October 30, 2012 § Leave a comment
I caught the train as far north as an Oyster card takes you*, and then cycled to St Albans. I associated the town with two things: an atmosphere of extreme Englishness, autumn leaves and crumpets and hockey games; and a bloody battle involving Boadicea. Both things, it turned out, are true. It is pretty and British, with an expensive bakery that will give you buttered toast but only if you plead. And in AD 60 or 61 it was destroyed completely in the last victory for the Iceni before they were re-crushed by the Romans.
It has a Cathedral – something I didn’t know. In the grounds there were wide strips of sunlight and bunches of flowers that had been blown around by a hard-edged wind. Along a path down the side of the building a woman pushed a baby in a pram. Another child, about four years old, ran ahead, over the grass. The woman called her back:
“Because that’s where dead people are lying. And you don’t want to walk on dead people.”
(I think it was because of the mud, really).
Inside, there was no avoiding walking on the dead. The floor is made up of slabs with “Here lieth…” carved at various times and in various states of abrasion. Here lieth – in the vaults beneath the building, or in a grave on that spot. Or literally just under the stone; it is levered up and the body slipped under, then the weight of the slab presses it into the dust. Maybe needs a couple of jumps to get it flush again.
In other places the floor is tiled, the red squares worn in their centres and ridged up towards the edges and the mortar, like the floor is made of soft cloth rather than stone. Wearing cycling cleats, my footsteps clinked and grated; like spurs would have done, I imagine. (Angela Carter also noticed the similarities between knights and cyclists).
Always a sucker for history up to the Wars of the Roses, and beyond, I clinked along thinking of Cadfael and Wolf Hall, and finding a man lying and carved in marble, of The Bishop Orders His Tomb by Browning.
And then how I shall lie through centuries,
And hear the blessed mutter of the mass,
And see God made and eaten all day long,
And feel the steady candle-flame, and taste
Good strong thick stupefying incense-smoke!
For as I lie here, hours of the dead night,
Dying in state and by such slow degrees,
I fold my arms as if they clasped a crook,
And stretch my feet forth straight as stone can point,
And let the bedclothes, for a mortcloth, drop
Into great laps and folds of sculptor’s-work
There were candles, burning and dying. Flowers. A list of names on the wall in copperplate that is going to come into its own if I ever have a son: Willegod, Eadric, Wulsig, Wulnoth, Eadfrith, Wulsin, Alfric, Ealdred, Eadmer, Alfric II, Leofric, Leofstan, Egrid, Fritheric.
On sheets of A4, the printed story of Alban: beheaded in the third century for proclaiming his Christian faith and thereby becoming the first English martyr (writing that I think of 1066 and All That, which my father read to me; both of us often collapsed in laughter and unable to go on).
Legend tells us that on the hill-top a spring of water miraculously appeared to give the martyr a drink; also that moved by his witness the original executioner refused to carry out the deed, and that after his replacement had killed Alban, the executioners (sic) eyes dropped out.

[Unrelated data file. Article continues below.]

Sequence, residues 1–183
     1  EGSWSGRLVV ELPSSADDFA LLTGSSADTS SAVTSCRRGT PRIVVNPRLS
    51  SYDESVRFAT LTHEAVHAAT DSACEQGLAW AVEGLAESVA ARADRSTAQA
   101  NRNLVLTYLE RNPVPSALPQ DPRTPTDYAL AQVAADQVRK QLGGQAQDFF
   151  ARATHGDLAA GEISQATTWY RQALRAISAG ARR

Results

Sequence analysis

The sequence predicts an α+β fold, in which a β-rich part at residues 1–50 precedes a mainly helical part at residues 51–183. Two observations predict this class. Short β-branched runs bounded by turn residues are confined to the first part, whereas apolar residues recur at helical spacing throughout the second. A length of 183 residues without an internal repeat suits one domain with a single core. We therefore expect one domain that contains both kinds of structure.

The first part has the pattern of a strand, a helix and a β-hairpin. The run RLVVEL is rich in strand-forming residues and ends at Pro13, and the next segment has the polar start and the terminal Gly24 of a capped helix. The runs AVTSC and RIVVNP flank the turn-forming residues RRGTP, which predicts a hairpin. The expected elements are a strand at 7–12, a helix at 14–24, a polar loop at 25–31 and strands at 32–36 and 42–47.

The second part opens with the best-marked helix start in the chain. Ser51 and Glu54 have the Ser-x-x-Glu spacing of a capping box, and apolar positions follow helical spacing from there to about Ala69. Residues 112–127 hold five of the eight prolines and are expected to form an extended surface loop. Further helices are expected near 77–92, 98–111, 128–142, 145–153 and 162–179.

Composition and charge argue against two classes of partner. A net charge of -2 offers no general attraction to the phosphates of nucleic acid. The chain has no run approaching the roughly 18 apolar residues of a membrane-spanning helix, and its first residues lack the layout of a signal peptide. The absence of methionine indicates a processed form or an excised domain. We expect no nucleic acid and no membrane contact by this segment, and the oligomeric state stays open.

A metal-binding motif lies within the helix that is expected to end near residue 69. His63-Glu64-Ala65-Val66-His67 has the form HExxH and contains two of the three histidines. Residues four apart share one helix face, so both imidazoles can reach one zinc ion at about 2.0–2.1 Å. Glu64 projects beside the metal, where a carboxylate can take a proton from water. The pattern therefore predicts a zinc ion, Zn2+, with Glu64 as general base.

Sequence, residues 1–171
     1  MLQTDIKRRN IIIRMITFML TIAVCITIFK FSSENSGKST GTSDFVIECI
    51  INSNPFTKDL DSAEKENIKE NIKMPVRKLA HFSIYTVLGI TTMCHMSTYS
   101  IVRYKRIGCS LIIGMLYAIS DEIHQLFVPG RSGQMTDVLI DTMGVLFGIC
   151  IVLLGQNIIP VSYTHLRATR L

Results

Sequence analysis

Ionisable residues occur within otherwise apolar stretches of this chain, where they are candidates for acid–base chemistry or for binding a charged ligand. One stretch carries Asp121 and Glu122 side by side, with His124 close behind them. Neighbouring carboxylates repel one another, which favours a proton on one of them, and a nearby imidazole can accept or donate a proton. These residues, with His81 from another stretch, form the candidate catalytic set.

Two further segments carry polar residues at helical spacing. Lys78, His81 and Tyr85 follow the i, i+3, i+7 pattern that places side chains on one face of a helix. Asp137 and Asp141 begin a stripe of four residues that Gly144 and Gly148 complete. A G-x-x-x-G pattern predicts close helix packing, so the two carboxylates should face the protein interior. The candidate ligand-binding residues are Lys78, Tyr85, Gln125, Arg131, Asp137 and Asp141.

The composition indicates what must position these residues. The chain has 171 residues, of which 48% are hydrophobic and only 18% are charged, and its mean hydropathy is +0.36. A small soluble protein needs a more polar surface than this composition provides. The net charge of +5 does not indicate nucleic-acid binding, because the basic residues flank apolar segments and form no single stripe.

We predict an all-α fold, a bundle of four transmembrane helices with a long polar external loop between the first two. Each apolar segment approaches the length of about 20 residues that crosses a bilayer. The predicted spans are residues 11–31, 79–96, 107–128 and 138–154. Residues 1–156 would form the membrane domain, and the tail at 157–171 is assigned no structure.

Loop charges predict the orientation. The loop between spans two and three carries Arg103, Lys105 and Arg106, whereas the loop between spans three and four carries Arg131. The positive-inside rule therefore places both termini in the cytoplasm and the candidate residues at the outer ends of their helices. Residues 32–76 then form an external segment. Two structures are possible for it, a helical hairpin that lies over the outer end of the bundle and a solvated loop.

On the other side of the sheet, this opening gambit:
You may think this building is beautiful. You may appreciate its history, art and architecture…But if you don’t understand what’s at the heart of it all, you’ve missed the point.
The church was beautiful though, as I left it, treading inevitably on the dead.
After coffee and the miracle of toast, I set out to cycle back home. It’s about 20 miles, and as I headed down the hill out of St Albans it began to rain, hard and cold, which seemed for some reason not to matter. I knew the route wouldn’t be pretty; but pleasantness was outweighed by purpose – having somewhere to get to, which can be satisfying just in itself.
The route passed through Radlett, Elstree, over the A1. Then Hendon, which has an incredible view, Mill Hill, Finchley, where my phone died. Mapless, I found my way to the North Circular and across it, turned east, and ended up on The Bishop’s Avenue. The houses, each one worth millions, are extraordinarily awful. Massive, hunkered down on stone thighs, hunched stone shoulders, guarded eyes.
You may think these buildings are ugly, I thought. But if you don’t understand what’s at the heart of it all, you’ve missed the point.
And then the Heath, the flying last downhill. A sky the colour of oyster shells. The last long evening, I realised, before the clocks changed. Home to – I only made the connection when I arrived – St Albans Road; full circle
* NOTE: You cannot get to St Albans with an Oyster card. I tried, had an argument with a conductor who wanted to fine me, went back two stops. You can get to Elstree and Borehamwood with an Oyster card.
October 17, 2012 § Leave a comment
I’ve needed a lot of help and advice so far in my life. I’ve received it from great people (to all of whom I now say: thank you. This is what you make me feel like doing. Some of the below is critical of you, but it’s also critical of things I have done. You are all very good at advice. Or at least, you all have your moments (*smiling*).
In the bleakest times no one could help. But the rest of the time, there are some things which are always more useful than others. So this is a guide to anyone who wants to (or has to!) help someone like me.
Don’t say: “There are people worse off than you”